How to Prevent Drug Use At Every Age Share +

How old is your child?

(Article Provided by Partnership for Drug-Free Kids)

2-4 Year Olds

Since the foundation for all healthy habits — from nutrition to toothbrushing— is laid down during the preschool years, this is a great time to set the stage for a drug-free life. The following 7 tips will help you work with your preschooler so that he or she will grow up happy, healthy and drug-free.

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5-8 Year Olds

5-to-8-year olds are still tied to family and eager to please but they’re also beginning to explore their individuality. In addition, your grade-schooler begins to spend more time at school and with peers and to collect information (including messages about drugs and alcohol) from lots of new places like the media and popular culture. It’s very important that you continue talking to your child about a healthy drug-free lifestyle and stress that of all the voices your child hears, yours should be the guiding force. 
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9-12 Year Olds

Preteens: They’re on a quest to figure out their place in the world. When it comes to the way they view that world, they tend to give their friends’ opinions a great deal of power while, at the same time, they’re starting to question their parents’ views and messages. Your advice may be challenged — but it will be heard and will stay with your child much more than he or she will ever admit.

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13-15 Year Olds

For parents, this is a pivotal time in helping kids make positive choices when faced with drugs and alcohol. The average age kids try drugs for the first time is 13. If your child is 13, says Amelia Arria, senior scientist with Treatment Research Institute, you should assume that he or she has been offered drugs or alcohol. But you can help your teen stay healthy and drug-free — and beat the negative statistics about drug use among teens. Kids who learn about the risks of drugs from their parents are up to 50 percent less likely to use (2011 Partnership Attitude Tracking Study). So, most importantly, stay involved. Young teens may say they don't need your guidance, but they're much more open to it than they'll ever let on. Make sure you talk to them about their choices of friends — drug use in teens starts as a social behavior.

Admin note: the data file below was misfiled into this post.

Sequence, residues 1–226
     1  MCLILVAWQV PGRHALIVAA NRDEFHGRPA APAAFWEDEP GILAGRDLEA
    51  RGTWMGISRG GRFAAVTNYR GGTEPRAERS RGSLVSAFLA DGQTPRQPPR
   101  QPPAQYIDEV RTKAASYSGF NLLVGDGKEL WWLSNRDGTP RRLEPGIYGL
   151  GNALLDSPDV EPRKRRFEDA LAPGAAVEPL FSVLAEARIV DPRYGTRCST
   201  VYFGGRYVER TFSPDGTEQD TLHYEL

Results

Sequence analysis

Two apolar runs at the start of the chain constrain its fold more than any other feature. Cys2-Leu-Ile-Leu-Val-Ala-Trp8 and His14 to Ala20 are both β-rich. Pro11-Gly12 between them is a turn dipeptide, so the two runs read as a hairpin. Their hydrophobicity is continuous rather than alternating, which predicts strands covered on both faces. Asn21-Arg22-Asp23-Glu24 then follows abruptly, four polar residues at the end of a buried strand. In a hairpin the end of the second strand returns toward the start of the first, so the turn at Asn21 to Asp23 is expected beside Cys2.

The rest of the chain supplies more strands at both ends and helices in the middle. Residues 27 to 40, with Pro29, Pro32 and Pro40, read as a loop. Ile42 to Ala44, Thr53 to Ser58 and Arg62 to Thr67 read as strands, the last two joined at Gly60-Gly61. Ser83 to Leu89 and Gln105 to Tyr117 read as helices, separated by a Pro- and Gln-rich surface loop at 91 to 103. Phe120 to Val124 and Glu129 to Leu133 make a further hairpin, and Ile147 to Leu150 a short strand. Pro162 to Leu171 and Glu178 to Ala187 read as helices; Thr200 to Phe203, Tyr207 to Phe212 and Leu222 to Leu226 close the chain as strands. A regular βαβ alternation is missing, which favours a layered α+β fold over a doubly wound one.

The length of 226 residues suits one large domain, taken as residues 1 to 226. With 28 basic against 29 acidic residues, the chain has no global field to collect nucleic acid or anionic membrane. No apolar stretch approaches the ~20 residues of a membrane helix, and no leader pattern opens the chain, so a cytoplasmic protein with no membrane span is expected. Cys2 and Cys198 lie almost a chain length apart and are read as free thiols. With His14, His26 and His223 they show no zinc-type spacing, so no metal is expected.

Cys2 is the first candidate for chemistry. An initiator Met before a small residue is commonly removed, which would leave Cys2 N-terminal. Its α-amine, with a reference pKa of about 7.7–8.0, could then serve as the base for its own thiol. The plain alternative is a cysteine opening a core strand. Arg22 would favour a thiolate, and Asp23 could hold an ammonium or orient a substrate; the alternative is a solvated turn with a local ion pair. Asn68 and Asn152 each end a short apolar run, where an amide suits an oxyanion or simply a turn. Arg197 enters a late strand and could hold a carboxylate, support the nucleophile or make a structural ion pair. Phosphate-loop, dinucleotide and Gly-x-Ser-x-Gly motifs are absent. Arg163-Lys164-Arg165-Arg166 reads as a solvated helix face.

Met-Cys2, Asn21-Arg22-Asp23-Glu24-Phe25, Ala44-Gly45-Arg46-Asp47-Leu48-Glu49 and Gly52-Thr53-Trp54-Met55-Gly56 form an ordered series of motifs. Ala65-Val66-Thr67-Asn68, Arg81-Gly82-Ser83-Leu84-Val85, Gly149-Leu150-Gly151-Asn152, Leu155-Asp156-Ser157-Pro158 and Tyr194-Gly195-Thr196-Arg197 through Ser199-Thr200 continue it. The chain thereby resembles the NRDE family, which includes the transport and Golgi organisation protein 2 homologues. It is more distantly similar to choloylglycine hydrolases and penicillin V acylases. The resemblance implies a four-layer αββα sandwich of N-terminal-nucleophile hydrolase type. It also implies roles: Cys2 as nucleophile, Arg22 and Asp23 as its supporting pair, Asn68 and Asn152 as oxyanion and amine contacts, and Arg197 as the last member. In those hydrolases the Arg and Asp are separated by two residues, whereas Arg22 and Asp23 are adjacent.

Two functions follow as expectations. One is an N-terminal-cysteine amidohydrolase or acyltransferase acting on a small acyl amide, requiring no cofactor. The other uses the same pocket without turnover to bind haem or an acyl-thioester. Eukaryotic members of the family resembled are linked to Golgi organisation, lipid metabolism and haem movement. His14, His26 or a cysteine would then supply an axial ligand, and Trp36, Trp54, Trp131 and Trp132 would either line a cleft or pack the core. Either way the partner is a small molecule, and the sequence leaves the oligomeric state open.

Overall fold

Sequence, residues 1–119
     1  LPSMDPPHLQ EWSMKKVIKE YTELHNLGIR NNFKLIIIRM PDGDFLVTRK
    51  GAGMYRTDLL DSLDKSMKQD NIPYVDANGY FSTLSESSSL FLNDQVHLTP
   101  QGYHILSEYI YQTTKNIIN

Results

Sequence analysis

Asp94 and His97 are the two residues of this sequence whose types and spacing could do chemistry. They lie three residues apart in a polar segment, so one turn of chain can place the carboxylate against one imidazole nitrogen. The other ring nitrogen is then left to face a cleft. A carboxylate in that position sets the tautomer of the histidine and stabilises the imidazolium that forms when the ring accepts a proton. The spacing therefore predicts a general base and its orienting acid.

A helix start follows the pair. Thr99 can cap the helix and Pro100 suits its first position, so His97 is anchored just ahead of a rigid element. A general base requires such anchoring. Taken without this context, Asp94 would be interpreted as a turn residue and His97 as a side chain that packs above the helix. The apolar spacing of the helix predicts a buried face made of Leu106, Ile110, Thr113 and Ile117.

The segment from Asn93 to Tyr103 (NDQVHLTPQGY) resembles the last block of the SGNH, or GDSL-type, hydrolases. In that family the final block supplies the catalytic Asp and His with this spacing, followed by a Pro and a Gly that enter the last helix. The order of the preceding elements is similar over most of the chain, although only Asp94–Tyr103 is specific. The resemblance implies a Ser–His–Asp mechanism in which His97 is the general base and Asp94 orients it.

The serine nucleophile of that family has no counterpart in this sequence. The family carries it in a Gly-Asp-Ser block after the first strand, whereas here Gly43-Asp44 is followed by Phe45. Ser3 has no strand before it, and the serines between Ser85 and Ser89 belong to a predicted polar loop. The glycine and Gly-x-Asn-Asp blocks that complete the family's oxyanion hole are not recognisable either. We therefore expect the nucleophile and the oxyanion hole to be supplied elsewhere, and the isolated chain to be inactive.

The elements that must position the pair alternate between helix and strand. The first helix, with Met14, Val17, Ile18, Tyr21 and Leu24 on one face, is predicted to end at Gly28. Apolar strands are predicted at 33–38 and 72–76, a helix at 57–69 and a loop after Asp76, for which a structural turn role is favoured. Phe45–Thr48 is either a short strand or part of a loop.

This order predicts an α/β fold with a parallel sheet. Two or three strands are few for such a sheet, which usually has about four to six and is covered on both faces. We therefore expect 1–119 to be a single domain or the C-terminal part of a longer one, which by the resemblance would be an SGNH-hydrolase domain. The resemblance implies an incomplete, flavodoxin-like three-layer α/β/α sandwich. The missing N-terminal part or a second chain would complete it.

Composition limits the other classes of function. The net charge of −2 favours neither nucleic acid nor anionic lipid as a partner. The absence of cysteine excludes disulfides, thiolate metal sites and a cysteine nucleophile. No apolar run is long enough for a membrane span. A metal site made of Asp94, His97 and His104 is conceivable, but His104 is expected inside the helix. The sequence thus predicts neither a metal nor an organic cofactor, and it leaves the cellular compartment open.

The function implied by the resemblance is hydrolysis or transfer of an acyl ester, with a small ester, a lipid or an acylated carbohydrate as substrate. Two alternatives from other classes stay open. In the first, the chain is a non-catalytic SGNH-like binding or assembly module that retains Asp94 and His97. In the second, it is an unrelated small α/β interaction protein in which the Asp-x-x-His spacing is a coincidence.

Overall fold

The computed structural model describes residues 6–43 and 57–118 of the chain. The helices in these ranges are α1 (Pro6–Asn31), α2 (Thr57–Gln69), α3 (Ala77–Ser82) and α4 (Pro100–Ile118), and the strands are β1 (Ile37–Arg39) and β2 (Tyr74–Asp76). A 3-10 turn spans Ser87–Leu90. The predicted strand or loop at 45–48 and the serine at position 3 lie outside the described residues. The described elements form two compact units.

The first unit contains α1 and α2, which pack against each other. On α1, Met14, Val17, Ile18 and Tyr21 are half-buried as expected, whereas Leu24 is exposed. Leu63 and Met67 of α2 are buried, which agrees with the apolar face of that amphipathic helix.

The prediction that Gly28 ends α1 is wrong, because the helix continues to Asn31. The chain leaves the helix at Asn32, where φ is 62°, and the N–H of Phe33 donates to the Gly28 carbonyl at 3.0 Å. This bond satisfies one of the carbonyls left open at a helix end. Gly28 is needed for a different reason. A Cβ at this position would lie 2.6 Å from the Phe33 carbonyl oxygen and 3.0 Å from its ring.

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16-18 Year Olds

When it comes to drugs, teens are a savvy bunch. Drugs and messages about living drug-free have been part of their lives for years. They can make distinctions not only among different drugs and their effects, but also among trial, occasional use and addiction. They’ve witnessed many of their peers using drugs — some without obvious or immediate consequences, others whose drug use gets out of control. By the teen years, kids have also had to make plenty of choices of their own about drug use: whether they should give in to peer pressure and experiment with drugs, or go against some of their peers and stay clean. 

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